In addition to the flood recovery funds allocated to Linn County and the University of Iowa, the I-JOBS program included $118.5 million for "reconstruction of local public buildings and flood control prevention," to be awarded by competitive grants. It wasn't enough to fully meet local infrastructure needs across the state; requests for that portion of the I-JOBS money totaled $333.6 million. But it was a good start.

Republicans recently seized on a new talking point: some I-JOBS money is supposedly being spent on projects unrelated to disaster recovery. By way of example, State Representative Pat Grassley mentioned the community center in the Des Moines suburb of Windsor Heights. I contacted Windsor Heights City Manager Marketa George Oliver about this allegation, and she forwarded a copy of a letter from Mayor Jerry Sullivan to Grassley. You can view the whole letter here, but the small print is hard to read, so here's the relevant excerpt (emphasis in original):

The City is currently constructing a new Community Center. The structure that used to be in [Colby Park] at this location was originally built in a flood plain and was repeatedly flooded. It sustained flood damage year after year and flood after flood. The new structure is being built out of the flood plain and protected from any future flooding, mitigating the effects of a natural disaster. The Center, once finished, will be a heating/cooling facility in the event of prolonged power outages, which is much-needed in our region. In the event of natural disasters, it will also be available as temporary housing. [...]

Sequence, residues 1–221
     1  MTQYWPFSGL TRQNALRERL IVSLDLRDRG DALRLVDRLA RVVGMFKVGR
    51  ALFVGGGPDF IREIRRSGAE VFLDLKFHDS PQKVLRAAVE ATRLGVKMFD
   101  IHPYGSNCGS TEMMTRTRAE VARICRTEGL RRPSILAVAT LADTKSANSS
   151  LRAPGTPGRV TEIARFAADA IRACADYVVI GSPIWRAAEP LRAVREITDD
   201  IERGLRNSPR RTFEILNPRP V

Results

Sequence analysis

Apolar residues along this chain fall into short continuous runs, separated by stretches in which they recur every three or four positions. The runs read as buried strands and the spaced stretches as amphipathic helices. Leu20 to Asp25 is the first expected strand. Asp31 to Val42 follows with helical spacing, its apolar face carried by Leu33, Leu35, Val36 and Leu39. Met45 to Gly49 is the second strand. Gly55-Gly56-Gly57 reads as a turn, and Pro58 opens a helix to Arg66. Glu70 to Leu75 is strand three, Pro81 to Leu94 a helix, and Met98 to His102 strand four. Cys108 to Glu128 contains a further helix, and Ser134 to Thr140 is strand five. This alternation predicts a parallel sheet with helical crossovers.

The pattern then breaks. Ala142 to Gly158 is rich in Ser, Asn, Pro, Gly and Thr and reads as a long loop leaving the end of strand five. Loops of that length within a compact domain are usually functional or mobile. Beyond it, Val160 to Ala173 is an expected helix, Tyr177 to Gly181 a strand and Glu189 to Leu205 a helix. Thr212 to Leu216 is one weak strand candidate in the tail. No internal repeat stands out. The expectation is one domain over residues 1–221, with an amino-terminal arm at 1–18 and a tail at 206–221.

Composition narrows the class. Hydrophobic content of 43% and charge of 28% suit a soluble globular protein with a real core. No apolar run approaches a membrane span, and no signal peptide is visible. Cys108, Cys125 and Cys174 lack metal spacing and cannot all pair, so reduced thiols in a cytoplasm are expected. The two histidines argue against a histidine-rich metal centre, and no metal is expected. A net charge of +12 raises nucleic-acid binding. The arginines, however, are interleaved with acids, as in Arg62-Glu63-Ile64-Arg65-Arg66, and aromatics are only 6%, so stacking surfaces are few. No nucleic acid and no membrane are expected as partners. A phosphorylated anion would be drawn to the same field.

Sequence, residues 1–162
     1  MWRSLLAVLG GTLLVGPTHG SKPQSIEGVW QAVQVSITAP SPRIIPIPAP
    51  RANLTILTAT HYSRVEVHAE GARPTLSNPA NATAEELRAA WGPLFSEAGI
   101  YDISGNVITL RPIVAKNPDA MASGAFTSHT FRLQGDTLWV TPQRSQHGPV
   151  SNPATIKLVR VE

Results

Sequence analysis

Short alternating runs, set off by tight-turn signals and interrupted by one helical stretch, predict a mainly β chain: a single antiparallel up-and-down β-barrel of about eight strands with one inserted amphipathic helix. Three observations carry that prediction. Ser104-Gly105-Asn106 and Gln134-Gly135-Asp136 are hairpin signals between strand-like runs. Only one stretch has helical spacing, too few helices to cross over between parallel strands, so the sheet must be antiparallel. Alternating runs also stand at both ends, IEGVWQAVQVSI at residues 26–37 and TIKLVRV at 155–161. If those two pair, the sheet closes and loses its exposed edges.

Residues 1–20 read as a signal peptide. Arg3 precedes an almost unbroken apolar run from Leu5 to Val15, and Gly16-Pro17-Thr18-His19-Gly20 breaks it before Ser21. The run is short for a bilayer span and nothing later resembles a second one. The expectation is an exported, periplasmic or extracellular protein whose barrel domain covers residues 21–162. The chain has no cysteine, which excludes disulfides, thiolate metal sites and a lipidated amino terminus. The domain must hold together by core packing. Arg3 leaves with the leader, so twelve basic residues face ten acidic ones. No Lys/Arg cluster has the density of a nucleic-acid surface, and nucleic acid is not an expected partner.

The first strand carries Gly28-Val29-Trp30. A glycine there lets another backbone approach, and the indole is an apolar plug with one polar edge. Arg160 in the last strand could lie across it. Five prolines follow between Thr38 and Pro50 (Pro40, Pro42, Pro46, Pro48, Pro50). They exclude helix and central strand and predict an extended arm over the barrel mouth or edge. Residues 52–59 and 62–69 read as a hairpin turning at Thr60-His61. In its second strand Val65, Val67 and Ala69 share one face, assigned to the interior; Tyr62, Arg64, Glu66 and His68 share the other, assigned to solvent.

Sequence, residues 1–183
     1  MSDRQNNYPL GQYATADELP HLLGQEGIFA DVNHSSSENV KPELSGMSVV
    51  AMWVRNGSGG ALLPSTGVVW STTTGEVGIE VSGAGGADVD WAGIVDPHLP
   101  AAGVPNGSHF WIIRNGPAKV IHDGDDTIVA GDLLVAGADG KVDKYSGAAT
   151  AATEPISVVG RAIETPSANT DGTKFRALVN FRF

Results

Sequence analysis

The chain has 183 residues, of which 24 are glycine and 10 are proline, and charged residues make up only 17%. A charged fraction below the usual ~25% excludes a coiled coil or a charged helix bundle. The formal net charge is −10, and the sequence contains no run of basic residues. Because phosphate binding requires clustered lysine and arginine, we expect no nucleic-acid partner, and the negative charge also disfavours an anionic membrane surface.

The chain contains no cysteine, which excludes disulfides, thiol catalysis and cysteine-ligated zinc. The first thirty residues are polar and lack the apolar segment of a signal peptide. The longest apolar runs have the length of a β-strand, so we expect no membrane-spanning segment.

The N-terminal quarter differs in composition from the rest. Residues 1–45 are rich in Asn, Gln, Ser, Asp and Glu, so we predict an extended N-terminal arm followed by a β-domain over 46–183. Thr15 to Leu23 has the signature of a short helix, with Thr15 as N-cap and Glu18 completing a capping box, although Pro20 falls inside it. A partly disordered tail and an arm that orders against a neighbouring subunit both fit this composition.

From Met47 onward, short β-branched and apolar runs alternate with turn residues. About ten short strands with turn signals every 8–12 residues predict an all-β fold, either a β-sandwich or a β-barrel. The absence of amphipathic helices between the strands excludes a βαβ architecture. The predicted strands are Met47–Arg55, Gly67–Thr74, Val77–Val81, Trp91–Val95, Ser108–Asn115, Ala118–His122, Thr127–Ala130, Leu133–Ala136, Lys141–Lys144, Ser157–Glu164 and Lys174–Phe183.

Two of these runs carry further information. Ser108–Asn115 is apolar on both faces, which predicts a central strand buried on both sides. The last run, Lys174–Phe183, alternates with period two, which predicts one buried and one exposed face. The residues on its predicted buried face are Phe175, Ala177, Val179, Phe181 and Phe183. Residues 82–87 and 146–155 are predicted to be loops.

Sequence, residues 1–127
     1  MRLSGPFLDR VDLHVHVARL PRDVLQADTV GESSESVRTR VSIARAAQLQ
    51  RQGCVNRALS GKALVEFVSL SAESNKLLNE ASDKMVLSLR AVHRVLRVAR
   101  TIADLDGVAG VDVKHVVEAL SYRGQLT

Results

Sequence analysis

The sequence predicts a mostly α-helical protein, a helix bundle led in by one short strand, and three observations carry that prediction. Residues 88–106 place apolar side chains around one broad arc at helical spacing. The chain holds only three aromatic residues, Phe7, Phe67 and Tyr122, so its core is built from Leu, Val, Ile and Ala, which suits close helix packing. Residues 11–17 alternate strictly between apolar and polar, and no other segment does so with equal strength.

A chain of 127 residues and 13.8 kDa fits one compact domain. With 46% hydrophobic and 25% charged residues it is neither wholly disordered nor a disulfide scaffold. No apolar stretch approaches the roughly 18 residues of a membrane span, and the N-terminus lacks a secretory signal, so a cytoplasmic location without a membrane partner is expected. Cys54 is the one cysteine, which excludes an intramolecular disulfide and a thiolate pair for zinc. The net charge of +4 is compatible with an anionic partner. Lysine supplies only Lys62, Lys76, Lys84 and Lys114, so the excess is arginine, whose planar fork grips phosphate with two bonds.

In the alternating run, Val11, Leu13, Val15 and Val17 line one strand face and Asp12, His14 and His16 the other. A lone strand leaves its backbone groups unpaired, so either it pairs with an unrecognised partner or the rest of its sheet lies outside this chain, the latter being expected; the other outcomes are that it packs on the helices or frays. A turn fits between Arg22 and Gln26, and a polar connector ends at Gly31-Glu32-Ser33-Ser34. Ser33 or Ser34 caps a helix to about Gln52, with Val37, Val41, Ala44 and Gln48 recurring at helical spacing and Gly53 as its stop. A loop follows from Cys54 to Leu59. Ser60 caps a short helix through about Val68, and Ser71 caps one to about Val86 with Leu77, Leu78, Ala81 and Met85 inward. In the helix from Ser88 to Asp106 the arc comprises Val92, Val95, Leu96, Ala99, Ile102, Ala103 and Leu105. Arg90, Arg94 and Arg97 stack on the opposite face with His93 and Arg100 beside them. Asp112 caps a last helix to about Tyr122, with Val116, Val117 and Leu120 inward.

The I-Jobs program gave us the ability to make a substantial investment in mitigating and responding to natural disasters. The program was also able to support our efforts in a timely manner, unlike many other grants programs.

Oliver explained to me that a heating/cooling center is a place residents without power can go during a cold spell or dangerous heat wave.

Republicans will continue to attack the I-JOBS program during this year's campaigns for governor and state legislature. Democrats need to be ready to defend these infrastructure investments, because journalists will sometimes pass along ill-informed claims like Grassley's without providing context or an opposing view. In addition, some Republican candidates may falsely suggest that I-JOBS pays for ongoing spending programs instead of capital projects, like bridge and sewer repairs. Maybe they are thinking of Republican Terry Branstad, who borrowed money to solve the state's cash flow problems in 1992.

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Iowa Senate approves government reorganization bill